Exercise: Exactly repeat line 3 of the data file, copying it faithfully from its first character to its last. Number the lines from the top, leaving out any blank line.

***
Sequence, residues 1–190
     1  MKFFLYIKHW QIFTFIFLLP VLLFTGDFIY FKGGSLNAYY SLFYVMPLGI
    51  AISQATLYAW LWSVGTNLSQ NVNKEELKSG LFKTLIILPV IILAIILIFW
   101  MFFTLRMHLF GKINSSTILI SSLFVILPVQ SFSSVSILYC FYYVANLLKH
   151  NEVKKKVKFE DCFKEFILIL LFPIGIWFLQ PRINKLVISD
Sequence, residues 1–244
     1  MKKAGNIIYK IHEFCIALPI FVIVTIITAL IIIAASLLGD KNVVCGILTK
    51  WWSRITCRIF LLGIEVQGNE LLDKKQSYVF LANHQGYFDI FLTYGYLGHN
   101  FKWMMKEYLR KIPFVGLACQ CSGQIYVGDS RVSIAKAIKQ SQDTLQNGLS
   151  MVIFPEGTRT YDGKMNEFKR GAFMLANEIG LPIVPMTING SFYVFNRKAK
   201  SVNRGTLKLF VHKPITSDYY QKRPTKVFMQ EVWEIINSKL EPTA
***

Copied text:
    51  AISQATLYAW LWSVGTNLSQ NVNKEELKSG LFKTLIILPV IILAIILIFW